LOS ANGELES - When the Emmy Awards air tonight, more is at stake than whether "30 Rock" wins its fourth consecutive best-series trophy, "Mad Men" its third or "Glee" its first.
A crucial tally will be the ratings - ammunition for either the big four networks or the Academy of Television Arts & Sciences as the two sides negotiate a new contract for the telecast.
The current agreement, reached in 2002 and expiring this year, created an annual network rotation that brought the ceremony to ABC, CBS, Fox and NBC, and gave the TV academy a huge boost in its license fees.
Now the Emmy show has a chance to prove it's riding a wave that has lifted other awards broadcasts this year, with viewership up for shows including the Oscars, the Golden Globes and the Grammys.
But what Emmy organizers also might covet is a counteroffer. Eight years ago, cable's HBO made a splash by bidding to wrest away the ceremony with a $10 million annual license fee when the networks were offering $3.3 million.
"Nothing can help your negotiation more than if you have another offer on the table," said writer-producer Bryce Zabel, who was academy chairman and CEO at the time. "We had a strong argument that the license fee should go up, but it made it easier to achieve with another offer."
Networks ultimately agreed to an eight-year deal with license fees of $4.5 million annually for the first four years and $7.5 million per year for the next four.
The academy and the networks declined comment on current negotiations.
So far, there has been no overt interest shown in the Emmys by HBO or major basic cable networks, such as Turner's TNT or TBS.
Jimmy Fallon, host of tonight's 62nd Annual Primetime Emmys, airing on NBC, put in a measured vote for broadcast over cable.
"There's probably a good case on either side ... but everyone who has television can see the networks. To me, that's always better," he said.
Also shadowing the Emmy talks is a New York-based competitor that's in the planning stages. The proposed Paley Center for Media Honors is aiming for a 2012 launch, possibly in spring when the networks present the following season's programs to Manhattan ad buyers.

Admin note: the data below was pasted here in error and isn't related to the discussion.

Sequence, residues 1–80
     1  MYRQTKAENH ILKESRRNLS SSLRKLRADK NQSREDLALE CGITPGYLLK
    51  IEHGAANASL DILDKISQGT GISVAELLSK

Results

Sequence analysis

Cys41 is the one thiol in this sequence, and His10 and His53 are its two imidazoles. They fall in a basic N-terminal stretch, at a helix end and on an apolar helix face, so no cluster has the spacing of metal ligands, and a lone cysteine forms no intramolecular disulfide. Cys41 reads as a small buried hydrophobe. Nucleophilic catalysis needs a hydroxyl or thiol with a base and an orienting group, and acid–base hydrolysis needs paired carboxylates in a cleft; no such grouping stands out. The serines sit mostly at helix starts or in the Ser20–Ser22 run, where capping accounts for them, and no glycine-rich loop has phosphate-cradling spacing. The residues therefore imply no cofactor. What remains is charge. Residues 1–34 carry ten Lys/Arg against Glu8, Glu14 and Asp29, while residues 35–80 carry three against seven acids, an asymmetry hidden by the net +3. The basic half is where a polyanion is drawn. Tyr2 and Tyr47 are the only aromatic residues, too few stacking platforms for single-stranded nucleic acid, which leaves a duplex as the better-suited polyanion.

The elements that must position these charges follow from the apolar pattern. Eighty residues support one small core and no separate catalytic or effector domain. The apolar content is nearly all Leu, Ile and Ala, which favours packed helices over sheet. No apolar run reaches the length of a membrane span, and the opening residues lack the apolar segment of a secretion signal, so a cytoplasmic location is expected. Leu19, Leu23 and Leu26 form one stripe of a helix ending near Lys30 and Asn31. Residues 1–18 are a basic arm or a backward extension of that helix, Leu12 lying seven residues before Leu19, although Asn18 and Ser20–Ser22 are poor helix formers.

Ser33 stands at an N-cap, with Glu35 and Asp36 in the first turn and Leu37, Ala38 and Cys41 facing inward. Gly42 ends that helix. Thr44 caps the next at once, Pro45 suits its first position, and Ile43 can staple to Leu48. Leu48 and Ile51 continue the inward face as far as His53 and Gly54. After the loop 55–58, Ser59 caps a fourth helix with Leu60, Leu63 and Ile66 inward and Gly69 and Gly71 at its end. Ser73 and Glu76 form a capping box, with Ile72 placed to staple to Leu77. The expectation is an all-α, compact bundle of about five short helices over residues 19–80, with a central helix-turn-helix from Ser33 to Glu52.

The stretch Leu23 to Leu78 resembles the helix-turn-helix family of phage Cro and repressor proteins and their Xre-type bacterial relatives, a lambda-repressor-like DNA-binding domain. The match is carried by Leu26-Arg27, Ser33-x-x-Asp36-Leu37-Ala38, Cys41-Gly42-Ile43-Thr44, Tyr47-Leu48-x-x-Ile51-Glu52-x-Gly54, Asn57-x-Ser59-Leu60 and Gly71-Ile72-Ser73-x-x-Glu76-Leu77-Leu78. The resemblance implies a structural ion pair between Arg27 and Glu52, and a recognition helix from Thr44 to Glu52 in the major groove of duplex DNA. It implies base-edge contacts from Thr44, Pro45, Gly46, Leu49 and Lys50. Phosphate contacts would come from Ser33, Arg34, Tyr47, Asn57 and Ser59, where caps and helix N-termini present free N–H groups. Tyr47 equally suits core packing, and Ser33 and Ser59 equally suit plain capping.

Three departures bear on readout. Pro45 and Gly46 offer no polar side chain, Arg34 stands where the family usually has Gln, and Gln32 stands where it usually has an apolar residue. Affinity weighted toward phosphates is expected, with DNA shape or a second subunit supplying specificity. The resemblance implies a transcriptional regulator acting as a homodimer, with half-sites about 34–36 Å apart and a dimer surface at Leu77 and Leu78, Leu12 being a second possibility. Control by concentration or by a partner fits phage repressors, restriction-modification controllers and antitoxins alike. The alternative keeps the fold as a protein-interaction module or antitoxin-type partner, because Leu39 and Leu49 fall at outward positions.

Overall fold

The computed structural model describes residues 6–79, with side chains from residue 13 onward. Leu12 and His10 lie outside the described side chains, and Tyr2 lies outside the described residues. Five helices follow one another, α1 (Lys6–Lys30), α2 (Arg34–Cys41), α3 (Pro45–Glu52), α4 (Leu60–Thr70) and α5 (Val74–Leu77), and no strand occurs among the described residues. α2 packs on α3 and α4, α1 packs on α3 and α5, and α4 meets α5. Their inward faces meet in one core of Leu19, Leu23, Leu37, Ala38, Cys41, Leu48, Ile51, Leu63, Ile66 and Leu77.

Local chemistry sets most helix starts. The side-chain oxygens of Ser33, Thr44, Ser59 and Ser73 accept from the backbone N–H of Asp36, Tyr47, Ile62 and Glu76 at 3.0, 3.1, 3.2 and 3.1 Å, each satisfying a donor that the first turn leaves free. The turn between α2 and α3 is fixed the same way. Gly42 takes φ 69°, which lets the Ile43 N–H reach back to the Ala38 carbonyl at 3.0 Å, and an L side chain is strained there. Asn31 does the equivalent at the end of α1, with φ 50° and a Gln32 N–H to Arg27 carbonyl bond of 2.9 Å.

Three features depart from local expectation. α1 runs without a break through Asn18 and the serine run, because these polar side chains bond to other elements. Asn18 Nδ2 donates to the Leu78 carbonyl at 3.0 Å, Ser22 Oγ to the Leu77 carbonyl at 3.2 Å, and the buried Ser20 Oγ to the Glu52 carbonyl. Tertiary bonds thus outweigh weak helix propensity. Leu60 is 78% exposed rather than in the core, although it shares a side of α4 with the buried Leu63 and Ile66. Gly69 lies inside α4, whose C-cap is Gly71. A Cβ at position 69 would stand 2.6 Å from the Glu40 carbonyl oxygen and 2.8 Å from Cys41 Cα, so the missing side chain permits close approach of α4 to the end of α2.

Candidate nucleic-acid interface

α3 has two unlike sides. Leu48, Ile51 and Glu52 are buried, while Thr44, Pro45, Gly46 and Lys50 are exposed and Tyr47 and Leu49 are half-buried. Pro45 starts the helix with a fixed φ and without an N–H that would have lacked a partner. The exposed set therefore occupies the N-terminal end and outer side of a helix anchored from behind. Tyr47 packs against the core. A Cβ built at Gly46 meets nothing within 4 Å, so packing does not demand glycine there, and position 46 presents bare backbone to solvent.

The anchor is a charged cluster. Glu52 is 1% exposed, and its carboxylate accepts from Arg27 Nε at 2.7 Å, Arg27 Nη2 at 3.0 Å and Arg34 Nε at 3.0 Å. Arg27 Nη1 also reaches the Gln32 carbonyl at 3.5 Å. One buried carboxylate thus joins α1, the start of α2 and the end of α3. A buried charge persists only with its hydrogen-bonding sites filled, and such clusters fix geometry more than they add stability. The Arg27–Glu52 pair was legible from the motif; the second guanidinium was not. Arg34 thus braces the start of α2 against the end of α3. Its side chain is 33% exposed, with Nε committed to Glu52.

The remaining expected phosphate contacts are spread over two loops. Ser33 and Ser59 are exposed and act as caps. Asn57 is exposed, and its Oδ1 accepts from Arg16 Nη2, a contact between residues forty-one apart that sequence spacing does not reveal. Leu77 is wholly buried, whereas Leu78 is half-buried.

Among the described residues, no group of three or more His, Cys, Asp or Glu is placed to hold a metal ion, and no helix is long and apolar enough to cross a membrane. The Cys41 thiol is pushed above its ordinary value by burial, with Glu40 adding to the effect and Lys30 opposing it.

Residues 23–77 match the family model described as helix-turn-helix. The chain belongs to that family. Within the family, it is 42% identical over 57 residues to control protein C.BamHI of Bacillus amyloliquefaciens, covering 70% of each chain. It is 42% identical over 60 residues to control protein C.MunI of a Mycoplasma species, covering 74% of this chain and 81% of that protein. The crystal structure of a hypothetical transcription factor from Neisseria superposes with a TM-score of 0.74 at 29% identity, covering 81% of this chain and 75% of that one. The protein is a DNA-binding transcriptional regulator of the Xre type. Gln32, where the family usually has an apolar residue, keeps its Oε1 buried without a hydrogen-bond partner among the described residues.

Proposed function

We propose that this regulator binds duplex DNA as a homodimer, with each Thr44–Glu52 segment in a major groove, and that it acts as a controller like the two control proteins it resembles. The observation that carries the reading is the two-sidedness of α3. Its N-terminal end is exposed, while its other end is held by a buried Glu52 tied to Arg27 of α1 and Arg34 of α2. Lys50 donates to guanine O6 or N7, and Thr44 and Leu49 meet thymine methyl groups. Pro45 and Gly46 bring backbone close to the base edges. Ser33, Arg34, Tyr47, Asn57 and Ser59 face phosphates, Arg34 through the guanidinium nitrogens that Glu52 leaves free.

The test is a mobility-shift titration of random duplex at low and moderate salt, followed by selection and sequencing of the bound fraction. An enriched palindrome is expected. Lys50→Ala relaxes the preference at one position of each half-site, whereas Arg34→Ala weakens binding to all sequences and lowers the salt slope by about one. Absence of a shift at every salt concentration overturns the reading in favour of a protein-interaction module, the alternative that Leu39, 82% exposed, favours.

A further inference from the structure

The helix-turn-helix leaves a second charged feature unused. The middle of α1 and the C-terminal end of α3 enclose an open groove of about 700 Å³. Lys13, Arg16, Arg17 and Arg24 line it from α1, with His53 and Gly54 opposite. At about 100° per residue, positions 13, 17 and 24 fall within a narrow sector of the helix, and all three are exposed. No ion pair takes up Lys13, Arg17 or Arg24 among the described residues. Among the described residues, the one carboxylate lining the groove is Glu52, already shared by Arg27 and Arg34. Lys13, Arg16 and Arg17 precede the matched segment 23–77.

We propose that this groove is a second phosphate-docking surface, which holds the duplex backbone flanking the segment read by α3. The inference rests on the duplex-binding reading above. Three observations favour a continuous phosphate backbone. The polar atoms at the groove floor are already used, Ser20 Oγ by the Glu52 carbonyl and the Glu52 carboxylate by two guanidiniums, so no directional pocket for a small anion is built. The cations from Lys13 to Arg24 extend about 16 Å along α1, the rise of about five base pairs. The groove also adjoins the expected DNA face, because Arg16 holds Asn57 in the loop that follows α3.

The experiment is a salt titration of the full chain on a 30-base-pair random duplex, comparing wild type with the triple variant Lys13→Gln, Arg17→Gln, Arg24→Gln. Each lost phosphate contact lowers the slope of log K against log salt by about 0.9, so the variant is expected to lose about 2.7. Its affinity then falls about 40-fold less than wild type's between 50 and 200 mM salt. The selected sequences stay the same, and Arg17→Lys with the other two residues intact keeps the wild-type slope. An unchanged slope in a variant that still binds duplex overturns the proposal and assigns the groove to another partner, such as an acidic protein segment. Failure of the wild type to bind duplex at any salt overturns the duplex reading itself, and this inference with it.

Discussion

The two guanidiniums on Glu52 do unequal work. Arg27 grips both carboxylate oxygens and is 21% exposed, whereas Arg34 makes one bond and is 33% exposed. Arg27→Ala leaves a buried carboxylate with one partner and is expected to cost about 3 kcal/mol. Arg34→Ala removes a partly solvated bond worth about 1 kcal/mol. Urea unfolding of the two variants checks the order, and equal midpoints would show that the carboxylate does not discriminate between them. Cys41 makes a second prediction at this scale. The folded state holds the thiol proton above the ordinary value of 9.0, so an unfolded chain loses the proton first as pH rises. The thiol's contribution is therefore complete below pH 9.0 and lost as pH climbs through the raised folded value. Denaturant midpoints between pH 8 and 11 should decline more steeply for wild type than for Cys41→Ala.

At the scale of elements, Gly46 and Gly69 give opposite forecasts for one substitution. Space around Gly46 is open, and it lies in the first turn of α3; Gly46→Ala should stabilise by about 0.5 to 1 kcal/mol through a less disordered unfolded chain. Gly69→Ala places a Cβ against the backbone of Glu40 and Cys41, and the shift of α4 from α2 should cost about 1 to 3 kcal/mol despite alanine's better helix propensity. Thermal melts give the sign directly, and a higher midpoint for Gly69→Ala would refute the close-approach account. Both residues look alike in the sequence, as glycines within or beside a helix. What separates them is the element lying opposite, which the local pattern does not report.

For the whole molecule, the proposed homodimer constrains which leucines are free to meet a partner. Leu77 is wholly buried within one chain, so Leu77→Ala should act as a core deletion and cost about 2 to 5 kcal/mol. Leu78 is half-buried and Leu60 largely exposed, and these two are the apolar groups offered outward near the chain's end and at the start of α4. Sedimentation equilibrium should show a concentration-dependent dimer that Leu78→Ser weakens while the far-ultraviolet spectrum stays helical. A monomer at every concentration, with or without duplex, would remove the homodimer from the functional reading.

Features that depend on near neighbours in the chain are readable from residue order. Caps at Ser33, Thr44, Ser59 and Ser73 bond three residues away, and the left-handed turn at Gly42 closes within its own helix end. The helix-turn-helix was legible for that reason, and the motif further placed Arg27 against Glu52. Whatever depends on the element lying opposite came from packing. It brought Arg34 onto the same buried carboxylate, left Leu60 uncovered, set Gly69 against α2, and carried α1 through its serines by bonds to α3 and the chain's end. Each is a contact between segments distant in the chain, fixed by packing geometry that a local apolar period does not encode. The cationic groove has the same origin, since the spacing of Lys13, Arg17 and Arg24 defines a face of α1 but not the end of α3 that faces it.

An exploratory committee with high-profile studio, network and other industry executives is weighing options for categories and the selection process. One proposal: giving the public a voting role with an eye toward popularizing the winners.
Such an approach would appeal to the networks, which have seen their top-rated programs such as CBS' "NCIS" and "The Mentalist" snubbed on Emmy night, while lower-rated but acclaimed cable shows including AMC's "Mad Men" and "Breaking Bad" collect trophies and free promotion.
Although multiple awards shows can coexist - the Golden Globes cover both movie and TV turf, and there are a number of music industry honors besides the Grammys - the Emmys are struggling for attention.
In 2008, the Emmy telecast hit an all-time viewership low of 12.3 million. Last year, the show rebounded when an additional 1 million people tuned in for a total audience of 13.3 million.
Host Neil Patrick Harris earned critical plaudits and shared credit for the increase with executive producer Don Mischer, who returns this year. But other awards ceremonies have reaped greater benefits from renewed interest in "event" television, driven by sales of high-definition, big-screen TV sets along with the chance for online chatter about live programs.
Compared to last year, Academy Award and Golden Globe viewership both rose 14 percent while the Grammys were up a whopping 36 percent. The Emmys posted a single-digit increase of 8 percent.
Against the yardstick of Oscars, the king of ceremonies, the Emmys look especially puny. Last March's movie awards drew more than 40 million viewers and 30-second commercial spots went for up to $1.5 million, according to an Advertising Age magazine estimate - explaining the $50 million-plus license fee the ceremony's longtime home, ABC, is willing to pay.
Whether the Emmy ceremony soars or slumps, industry insiders and observers consider it unlikely broadcasters will abandon the awards. Networks "would be foolish not to continue airing the Emmys. ... It would be like admitting that they can't produce high-quality programming anymore," said independent media analyst Steve Sternberg.
With more broadcast shows including CBS' "The Good Wife" and ABC's "Modern Family" up for major honors Sunday, he added, maybe the networks will be "back in the awards game this year. And the Emmys are still a good show to air right before the new season starts."
Analyst Bill Carroll of Katz Television said the Emmys and the networks remain a good fit.
"It's a celebration of television and the majority of viewing for television is still on the broadcast networks. ... I would think we'd want to continue to celebrate our own industry, which in essence is the broadcast industry," Carroll said.
'62nd Annual Primetime
Airs 8 tonight
on WCAU-TV 10 and